Matching Items (13)

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Pandora: A Play by Abbey Toye

Description

Pandora is a play exploring our relationship with gendered technology through the lens of artificial intelligence. Can women be subjective under patriarchy? Do robots who look like women have subjectivity? Hoping to create a better version of ourselves, The Engineer

Pandora is a play exploring our relationship with gendered technology through the lens of artificial intelligence. Can women be subjective under patriarchy? Do robots who look like women have subjectivity? Hoping to create a better version of ourselves, The Engineer must navigate the loss of her creation, and Pandora must navigate their new world. The original premiere run was March 27-28, 2018, original cast: Caitlin Andelora, Rikki Tremblay, and Michael Tristano Jr.

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Date Created
2018-05

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My Father, My Martyr, and Me: Postcolonial Instructions for Loving the Palestinian Body

Description

This performance attempts to decolonize possibilities for love through unarcheology, an invented method intended to re-narrate artifacts "dug up" by institutions of oppressive power and utilized in service of particular ideologies. Through unarcheologies of Sirhan Sirhan, the performer's father, and

This performance attempts to decolonize possibilities for love through unarcheology, an invented method intended to re-narrate artifacts "dug up" by institutions of oppressive power and utilized in service of particular ideologies. Through unarcheologies of Sirhan Sirhan, the performer's father, and the performer's own body, the performance offers a critical call for us to examine the ways that colonial logics of criminality, threat, and wrongness always already implicate Palestinian bodies and our relations with them.
Rhetorics of criminality have long been written onto Palestinian bodies. From Dareen Tatour's imprisonment by the state of Israel to the U.S. detaining Adham Hassoun indefinitely as a "security threat", these rhetorics lead to material violence against Palestinians on a global scale, as well as on a discursive and interpersonal level. Communicative work which seeks to decolonize the Palestinian body in its various settings is vital to our survival in literal as well as symbolic ways. From a postcolonial perspective, we cannot extricate the individual from the communal, the local, the national, the global nor the universal. A postcolonial understanding of "survival" demands that we reflexively interrogate the Palestinian body in its sociohistorical complexity and on its own terms.
Autoethnography is uniquely situated as a method for postcolonial analyses of Palestinian survival. Chawla and Atay argue, "postcolonialism and autoethnography are inherently self-reflexive practices… that necessitate a centering of both the subject–object within a local and historical context" (4). In this performance, I introduce "unarcheology" as a postcolonial method for learning to love the Palestinian body. Using media and embodied performance, I stage a series of scripts comprised of poetic autoethnographic reflection, repurposed diary entries from an archetypal Palestinian "criminal," and the text of my father's indictment. These scripts, composed through a queer, collage-like method I call "unarcheology," are separated into temporal sections (past, present, and future) and audience members determine the order of their performance, thus demanding direct engagement in the performance's decolonial project. Staged on and around a single pile of dirt, this performance interrogates colonial barriers of criminality preventing the capacity to critically love Palestinians. It documents the survival that Palestinians are forced to embody- its goal, however, is the pursuit of critical, generous, decolonized love.

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Date Created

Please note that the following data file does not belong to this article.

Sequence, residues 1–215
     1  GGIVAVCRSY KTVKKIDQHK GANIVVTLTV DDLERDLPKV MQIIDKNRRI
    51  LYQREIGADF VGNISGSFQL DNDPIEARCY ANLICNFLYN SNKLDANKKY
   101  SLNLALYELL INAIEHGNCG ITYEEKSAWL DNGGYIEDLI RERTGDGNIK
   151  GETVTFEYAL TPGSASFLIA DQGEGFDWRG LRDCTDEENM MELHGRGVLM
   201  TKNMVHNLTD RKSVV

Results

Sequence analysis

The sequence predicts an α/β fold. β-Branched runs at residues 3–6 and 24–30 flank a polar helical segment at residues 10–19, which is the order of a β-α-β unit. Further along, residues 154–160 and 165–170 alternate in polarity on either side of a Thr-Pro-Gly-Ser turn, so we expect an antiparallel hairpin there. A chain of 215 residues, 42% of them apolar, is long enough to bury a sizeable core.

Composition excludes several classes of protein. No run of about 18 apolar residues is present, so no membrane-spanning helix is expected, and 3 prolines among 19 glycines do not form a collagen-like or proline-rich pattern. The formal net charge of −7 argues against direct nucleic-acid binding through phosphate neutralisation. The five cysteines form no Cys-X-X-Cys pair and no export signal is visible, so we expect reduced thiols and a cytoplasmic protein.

2019-05

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Crazy/Smart: An Artist Statement detailing Performance Choices against Abelist Ideology in Higher Education

Description

The label of “honors student,” and the status it carries, implies exceptional academic ability, maturity, and accomplishment. The notion that “honors” students are more capable than non-honors students dismisses the particular needs of intersecting identities including gender, race, and/or ability.

The label of “honors student,” and the status it carries, implies exceptional academic ability, maturity, and accomplishment. The notion that “honors” students are more capable than non-honors students dismisses the particular needs of intersecting identities including gender, race, and/or ability. Said differently, the “honors” designation erases identity and difference. For instance, “honors” students who live with mental illness(es) navigate social spaces and physical structures that assert notions of “success” that are informed by conditions that inhibit bodily function, communication, and educational accomplishment as set by capitalist and ableist standards. Moreover, ableist notions of “success” are always inherently racialized and gendered such that “honors” students women of color living with mental illness are forced to navigate racist and gendered overtones informing academic “success.” Focusing on how students think about and embody the labels of “honors” and “mentally ill” provides unique insight on how the systems of higher education are based in ableist ideology. In this Artist Statement, I discuss my performance Crazy/Smart, a performance that features and stages students’ narratives detailing the means by which students navigate ableism as “honors” students. Using embodied knowledge through performance allows students to decenter dominant, institutionalized narratives about ableism and higher education, speaking up to administrators as people of power and redefining personal success. In this Artist Statement, I detail the theory and method framing my performance Crazy/Smart, a performance using “honors” student stories and narratives to highlight and resist ableist ideology informing higher education more generally and “honors” education more specifically. This Statement includes four sections. First, I provide the theoretical framework that outlines ableism as an embodied ideology. Second, I extend my argument and turn to critical pedagogy to suggest a performance means to resist ableist ideology. Third, I describe the specificities informing my performance including the choices I made to stage ableism as an ideological structure organizing higher education. The fourth and final section is the attached Crazy/Smart script.